10 Things You Didn’t Know About Pangolins

Pangolins are truly unique and resemble an armor-plated lizard crossed with an anteater and an armadillo. But like many other species in Africa, they are endangered due to people eating them and using their scales for traditional Chinese medicine. Fortunately, their decline in numbers is being met with a new awareness and appreciation of the species. Here are 10 things you didn’t know about pangolins.

pangolin in madikwe

Photo courtesy of David Brossard / flickr

The only mammals covered in scales

Pangolins are the only mammals in the world that have scales covering their entire body. The scales are made of keratin — the same material rhino horns are made of — making them extra tough. Unfortunately, the scales sell on the black market for thousands of dollars per kilogram for use in some forms of traditional Chinese medicine.

Pangolin (Shutterstock)

Pangolin (Shutterstock)

Scientists are still unsure what they are related to

For decades, scientists thought that pangolins were related to anteaters and armadillos — and who could blame them based on their looks. However, recent research shows they have a closer relationship with hyenas and wolves.

They carry their young

Baby pangolins are carried on their mother’s tail for up to three months (an incredibly cute three months, mind you). Afterwards, the infants remain with the mother for another five months until they are strong enough to go out on their own.


Courtesy of Wildlife Alliance / flickr

There are eight different species

Worldwide, there are eight different species of of pangolin. The Chinese, Indian, Malayan and Palawan all live in Asia, while the Cape pangolin, Giant ground pangolin, Long-tailed and Tree pangolin live in Africa.

baby skunk


They emit a skunk-like odor

Much like a skunk, pangolins emit a noxious smelling odor when they feel threatened. Fortunately for us, the smell doesn’t travel that far as pangolins aren’t able to spray it into the air.

bad vision


They could probably use glasses

Pangolins have notoriously bad vision, are mostly nocturnal and have to locate their food by using a strong sense of hearing and smell. Only one species of pangolin is active during the day — the long-tailed pangolin, native to West and Central Africa.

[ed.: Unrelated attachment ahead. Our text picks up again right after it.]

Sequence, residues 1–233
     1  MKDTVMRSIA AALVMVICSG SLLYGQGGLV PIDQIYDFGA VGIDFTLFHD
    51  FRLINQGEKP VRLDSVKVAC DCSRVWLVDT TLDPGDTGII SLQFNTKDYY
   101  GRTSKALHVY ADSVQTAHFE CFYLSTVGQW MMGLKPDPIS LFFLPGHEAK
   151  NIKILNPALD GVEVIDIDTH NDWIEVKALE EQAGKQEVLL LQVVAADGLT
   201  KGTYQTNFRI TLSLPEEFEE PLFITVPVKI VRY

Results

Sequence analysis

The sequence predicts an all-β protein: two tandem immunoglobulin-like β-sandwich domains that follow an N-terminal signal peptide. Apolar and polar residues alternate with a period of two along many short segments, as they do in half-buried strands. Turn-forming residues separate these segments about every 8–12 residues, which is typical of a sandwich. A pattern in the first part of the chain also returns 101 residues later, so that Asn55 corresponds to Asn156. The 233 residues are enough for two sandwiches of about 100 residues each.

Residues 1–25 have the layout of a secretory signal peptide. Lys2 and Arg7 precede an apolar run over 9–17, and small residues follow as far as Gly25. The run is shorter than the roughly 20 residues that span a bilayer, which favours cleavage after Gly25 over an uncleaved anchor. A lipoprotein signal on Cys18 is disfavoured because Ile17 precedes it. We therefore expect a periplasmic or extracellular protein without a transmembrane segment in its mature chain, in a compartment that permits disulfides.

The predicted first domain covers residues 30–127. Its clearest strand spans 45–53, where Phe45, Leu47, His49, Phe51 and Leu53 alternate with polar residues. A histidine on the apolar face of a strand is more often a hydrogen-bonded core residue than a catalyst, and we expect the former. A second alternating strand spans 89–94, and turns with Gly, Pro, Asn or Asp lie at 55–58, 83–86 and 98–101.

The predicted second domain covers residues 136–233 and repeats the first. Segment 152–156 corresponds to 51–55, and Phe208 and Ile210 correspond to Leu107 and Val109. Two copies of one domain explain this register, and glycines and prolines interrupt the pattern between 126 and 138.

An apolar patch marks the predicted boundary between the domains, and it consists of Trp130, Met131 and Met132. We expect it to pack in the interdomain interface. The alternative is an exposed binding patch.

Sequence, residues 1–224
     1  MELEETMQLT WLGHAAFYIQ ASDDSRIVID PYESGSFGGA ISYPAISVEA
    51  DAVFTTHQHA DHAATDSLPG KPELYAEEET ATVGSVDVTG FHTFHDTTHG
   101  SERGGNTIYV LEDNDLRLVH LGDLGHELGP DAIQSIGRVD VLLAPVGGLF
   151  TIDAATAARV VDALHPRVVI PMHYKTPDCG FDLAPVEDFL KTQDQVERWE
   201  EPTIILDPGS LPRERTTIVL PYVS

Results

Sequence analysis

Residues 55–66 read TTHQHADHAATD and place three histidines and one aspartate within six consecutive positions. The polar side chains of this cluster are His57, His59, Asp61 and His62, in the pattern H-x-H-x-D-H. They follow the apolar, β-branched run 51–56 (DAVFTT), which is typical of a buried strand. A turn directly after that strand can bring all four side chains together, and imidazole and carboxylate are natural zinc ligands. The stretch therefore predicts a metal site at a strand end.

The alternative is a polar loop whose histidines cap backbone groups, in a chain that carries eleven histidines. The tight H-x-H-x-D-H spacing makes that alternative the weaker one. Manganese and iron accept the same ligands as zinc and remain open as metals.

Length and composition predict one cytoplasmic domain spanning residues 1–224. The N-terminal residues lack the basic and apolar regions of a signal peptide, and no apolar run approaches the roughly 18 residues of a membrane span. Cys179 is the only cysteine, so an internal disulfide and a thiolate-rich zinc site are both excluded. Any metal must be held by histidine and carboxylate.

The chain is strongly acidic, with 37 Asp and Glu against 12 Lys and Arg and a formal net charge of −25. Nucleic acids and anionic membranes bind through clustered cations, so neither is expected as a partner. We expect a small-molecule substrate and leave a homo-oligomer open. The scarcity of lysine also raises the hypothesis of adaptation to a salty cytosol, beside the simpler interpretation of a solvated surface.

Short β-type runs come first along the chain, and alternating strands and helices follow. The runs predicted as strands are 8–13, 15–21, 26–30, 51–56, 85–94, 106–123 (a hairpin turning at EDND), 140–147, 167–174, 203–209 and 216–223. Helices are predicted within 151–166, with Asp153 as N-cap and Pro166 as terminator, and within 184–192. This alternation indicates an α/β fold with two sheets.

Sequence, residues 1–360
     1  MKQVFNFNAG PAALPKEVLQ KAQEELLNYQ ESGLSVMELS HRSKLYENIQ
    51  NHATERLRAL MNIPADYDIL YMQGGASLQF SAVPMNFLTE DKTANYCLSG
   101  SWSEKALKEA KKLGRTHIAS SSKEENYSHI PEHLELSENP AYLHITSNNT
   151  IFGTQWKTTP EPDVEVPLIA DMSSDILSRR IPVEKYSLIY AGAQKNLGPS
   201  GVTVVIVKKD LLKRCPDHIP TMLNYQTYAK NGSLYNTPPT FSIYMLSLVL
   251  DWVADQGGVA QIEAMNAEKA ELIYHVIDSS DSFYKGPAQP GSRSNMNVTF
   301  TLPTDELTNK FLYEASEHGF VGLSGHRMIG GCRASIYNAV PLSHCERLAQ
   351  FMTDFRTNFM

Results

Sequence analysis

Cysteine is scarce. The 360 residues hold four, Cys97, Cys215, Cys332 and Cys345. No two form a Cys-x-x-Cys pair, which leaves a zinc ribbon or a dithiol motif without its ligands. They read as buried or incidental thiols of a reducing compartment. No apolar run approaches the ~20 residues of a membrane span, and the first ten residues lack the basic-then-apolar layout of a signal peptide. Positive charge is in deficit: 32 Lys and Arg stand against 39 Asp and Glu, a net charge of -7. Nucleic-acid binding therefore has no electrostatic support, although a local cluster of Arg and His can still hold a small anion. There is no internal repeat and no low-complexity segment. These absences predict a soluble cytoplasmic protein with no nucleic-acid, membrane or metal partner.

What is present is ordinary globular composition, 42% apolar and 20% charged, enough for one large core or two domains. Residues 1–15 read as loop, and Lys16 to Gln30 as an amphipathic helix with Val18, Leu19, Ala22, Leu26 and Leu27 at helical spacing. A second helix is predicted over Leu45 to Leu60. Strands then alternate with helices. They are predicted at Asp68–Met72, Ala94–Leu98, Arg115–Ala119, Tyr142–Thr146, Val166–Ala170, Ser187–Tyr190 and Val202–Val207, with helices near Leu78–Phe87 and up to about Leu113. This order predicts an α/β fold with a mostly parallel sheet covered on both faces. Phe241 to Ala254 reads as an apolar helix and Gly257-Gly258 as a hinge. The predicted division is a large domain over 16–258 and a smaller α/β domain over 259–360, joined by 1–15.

Pangolin at wild is life in zimbabwe harare

(Valerius Tygart/Wikimedia Commons)

A million have been killed in the last 10 years

All eight species of pangolin are threatened with extinction due to trade throughout Africa and Asia. It’s estimated that around 100,000 pangolins are captured every year, most of these being shipped to China and Vietnam. Fortunately, many groups are helping to save them and curb trafficking.

They have super long tongues

A pangolin’s tongue is extremely long and when fully extended can be longer than its body. Pangolins don’t have any teeth and have to use their tongues to collect insects which are processed by spines in their stomachs.

linyanti leopard


Big cats like to eat them

Pangolin’s main predators in the wild are big cats like lions and leopards. However, when the cats catch them, pangolins curl into a ball and are usually protected. The outer scales are so tough that it’s hard for even the sharpest teeth to bite through.



You can thank them for eating ants

Current estimates show that a pangolin can eat more than 70 million insects in one year. That’s right, 70 million! Pangolins mostly feed on ants and termites, so you can thank them for saving you from ant bites.

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